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Homeless man found guilty in murder of off-duty Chicago Police Officer John Rivera

As defendant Jovan Battle was led out of court, he extended his middle finger at prosecutors, then grinned into the courtroom gallery where the murdered cop’s family sat. “See you later and f--- you all too,” Battle said.

Button worn by some mourners at the funeral for Chicago Police Officer John P. Rivera
A lapel pin worn by a mourner at Chicago Police officer John Rivera’s funeral in March. Jurors reached a guilty verdict Friday in the trial of the first of three defendants charged in the fatal shooting.
Ashlee Rezin/Chicago Sun-Times

A 32-year-old homeless man was found guilty of murder and firearms charges Friday in a River North shooting that left an off-duty Chicago police officer dead and another man badly wounded.

Seated alone at the defense table, Jovan Battle, who represented himself during the trial, lay his head in his hand as the verdicts were read.

As he was led out of the courtroom, Battle extended his middle finger at the team of Cook County prosecutors and then grinned into the courtroom gallery where the murdered Officer John Rivera’s family sat. “See you later... and f--- you all too,” Battle said.

Battle did not fire the shots that killed 23-year-old Rivera, nor the volley that left Rivera’s friend, Ruben Sierra, critically injured, but prosecutors said the alleged gunman targeted the car because Battle pointed out Rivera and a carload of friends to the shooter.

Over four days of testimony, Battle had argued that he should have been charged as an accessory to the murder — a charge that does not exist in Illinois — rather than first-degree murder. Battle gave a disjointed, 35-minute closing argument that included his theory on the state’s accountability law, the structure of Chicago street gangs, and a biography that included a difficult childhood in the Cabrini-Green housing projects. He said considered his life an altruistic one if not one that he lived as drug-addicted panhandler who frequented the streets around the River North nightlife district.

“I’m a product of my environment,” Battle told jurors. “I have very intelligent thoughts. I never shot anybody. I never intended to shoot anybody.”

Battle was a sometimes combative figure in the courtroom during the trial, often spouting memorized bits of state laws and citing numbers from the criminal code. He often asked questions that indicated a misunderstanding of how the laws are applied and trial procedure. During breaks, outside the view of the jury Friday, Battle glared at and insulted police officers crowding the courtroom gallery and muttered at the four prosecutors seated across from him.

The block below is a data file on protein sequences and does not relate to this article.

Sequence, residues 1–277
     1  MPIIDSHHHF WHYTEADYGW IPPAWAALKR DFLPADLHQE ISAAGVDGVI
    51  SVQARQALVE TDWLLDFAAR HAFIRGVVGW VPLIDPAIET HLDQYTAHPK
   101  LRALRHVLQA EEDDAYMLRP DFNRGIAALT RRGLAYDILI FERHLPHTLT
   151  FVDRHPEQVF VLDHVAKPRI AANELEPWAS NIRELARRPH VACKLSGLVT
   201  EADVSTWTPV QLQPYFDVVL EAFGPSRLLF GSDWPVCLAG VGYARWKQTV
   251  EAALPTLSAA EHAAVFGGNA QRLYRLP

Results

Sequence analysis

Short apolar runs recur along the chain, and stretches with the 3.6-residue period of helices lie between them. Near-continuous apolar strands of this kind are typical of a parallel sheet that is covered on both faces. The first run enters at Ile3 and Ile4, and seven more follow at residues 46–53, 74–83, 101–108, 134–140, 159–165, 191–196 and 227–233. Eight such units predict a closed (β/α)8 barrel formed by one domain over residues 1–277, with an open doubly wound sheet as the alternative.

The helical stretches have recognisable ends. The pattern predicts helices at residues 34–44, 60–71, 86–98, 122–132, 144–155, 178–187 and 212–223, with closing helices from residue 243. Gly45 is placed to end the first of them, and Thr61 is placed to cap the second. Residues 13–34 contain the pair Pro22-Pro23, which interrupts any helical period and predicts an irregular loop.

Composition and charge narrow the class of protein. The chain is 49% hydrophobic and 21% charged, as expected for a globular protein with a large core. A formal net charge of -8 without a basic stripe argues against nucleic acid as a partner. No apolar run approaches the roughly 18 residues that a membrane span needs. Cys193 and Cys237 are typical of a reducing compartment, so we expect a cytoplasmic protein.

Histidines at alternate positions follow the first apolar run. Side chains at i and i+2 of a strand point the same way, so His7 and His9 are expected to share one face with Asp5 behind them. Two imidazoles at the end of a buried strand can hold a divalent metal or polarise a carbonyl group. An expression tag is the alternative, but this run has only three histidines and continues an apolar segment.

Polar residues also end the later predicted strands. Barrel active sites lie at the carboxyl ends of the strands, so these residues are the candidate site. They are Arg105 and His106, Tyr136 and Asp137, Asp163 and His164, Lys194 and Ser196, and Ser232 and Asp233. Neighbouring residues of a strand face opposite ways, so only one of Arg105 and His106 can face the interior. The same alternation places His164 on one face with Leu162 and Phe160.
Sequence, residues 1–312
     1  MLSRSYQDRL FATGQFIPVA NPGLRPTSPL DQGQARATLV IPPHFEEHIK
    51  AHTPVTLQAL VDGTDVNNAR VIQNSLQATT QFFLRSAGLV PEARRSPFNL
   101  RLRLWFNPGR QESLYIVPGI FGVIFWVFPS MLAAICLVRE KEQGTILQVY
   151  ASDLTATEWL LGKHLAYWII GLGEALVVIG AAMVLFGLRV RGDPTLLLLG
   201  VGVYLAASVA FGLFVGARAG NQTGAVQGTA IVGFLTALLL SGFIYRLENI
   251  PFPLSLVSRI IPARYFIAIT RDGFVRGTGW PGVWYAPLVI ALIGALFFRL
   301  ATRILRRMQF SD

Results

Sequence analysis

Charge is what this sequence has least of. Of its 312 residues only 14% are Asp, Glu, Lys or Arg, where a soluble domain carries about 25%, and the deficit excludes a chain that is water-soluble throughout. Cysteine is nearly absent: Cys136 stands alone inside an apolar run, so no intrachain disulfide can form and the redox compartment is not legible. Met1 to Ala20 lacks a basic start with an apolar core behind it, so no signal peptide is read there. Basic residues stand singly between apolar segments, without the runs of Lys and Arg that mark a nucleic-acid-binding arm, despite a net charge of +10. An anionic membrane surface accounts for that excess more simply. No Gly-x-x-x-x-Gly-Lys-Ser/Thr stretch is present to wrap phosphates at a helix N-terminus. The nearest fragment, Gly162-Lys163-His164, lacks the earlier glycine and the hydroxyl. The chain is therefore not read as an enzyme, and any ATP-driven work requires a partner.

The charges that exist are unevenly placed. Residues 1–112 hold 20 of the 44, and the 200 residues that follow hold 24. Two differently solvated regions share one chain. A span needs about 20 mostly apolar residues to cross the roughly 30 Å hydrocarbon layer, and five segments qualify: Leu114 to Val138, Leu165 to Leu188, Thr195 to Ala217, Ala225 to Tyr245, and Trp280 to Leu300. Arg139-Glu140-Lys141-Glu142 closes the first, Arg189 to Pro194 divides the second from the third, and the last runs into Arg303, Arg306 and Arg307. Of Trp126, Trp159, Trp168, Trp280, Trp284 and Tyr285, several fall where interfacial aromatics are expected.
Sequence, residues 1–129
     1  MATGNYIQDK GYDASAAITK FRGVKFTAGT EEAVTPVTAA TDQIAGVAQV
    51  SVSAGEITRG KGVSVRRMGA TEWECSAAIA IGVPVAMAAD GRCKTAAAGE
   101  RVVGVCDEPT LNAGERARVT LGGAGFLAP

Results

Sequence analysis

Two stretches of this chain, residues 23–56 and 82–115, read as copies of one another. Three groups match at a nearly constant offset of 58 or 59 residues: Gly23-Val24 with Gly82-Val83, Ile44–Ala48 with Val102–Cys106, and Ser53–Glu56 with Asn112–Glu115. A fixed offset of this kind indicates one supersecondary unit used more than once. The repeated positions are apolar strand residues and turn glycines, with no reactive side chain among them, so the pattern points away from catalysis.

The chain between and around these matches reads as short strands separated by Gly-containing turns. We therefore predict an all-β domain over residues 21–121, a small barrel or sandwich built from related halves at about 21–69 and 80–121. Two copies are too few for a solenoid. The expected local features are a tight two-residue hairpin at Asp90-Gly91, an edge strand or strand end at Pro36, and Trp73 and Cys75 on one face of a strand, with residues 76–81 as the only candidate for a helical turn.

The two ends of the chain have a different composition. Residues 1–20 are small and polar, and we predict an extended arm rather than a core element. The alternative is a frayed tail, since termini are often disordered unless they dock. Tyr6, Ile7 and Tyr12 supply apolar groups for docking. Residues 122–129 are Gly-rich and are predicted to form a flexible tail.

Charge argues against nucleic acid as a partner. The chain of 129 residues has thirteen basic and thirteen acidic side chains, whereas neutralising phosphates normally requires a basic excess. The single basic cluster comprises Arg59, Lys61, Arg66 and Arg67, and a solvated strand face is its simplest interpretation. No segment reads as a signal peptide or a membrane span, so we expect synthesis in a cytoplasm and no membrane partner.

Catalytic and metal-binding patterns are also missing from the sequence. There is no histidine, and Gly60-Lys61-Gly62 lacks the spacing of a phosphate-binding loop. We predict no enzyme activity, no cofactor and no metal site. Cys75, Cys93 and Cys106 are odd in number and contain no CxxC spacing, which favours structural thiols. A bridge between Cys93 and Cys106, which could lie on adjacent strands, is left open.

Battle, who has a history of mental illness, had fired his court-appointed public defender and was allowed to represent himself after passing a mental fitness evaluation.

Despite his scattershot, rambling approach to questioning witnesses, Battle had generally zeroed in on two points during the trial: establishing that he did not know his co-defendants or the victims before the shooting, and that he was not the one who shot into Rivera’s car.

Jovan Battle (right) and Menelik Jackson (left), both are charged in the fatal shooting of off-duty Chicago Police Officer John Rivera.
Jovan Battle (right) was found guilty Friday in the fatal shooting of off-duty Chicago Police Officer John Rivera. Menelik Jackson (left) is still awaiting trial.
Chicago police

Prosecutors Friday contrasted the changing versions of events Battle gave the night of the shooting — telling officers who arrested him that he had been at the scene, but hadn’t fired the shots; telling detectives he had helped his co-defendants because they were fellow members of a street gang who were confronting Hispanic rivals after getting “jumped”— with his statements in court that he had been trying to defuse the confrontation when, allegedly, Menelik Jackson opened fire.

Jackson and co-defendant Jaquan Washington had brawled with a group of Latino men outside the Rock ‘N Roll McDonald’s about an hour before Rivera, his girlfriend and two boyhood friends piled into Rivera’s Honda Accord after a night out in River North. Jackson and Washington were allegedly looking for members of the group they’d brawled with earlier when they encountered Battle on the street. Surveillance video showed Battle walking across Clark Street at Huron with Jackson, and pointing at Rivera’s car several times before Jackson rushed up to the driver’s side window and opened fire.

“You’ve had a chance to watch this guy for a week. You saw the video tape of him yelling and pointing,” said Assistant State’s Attorney Patrick Morley. “You saw him in the courtroom yelling and pointing. That’s what the defendant does when he wants to get something done.”

Jackson and another man, Jaquan Washington, still are awaiting trial.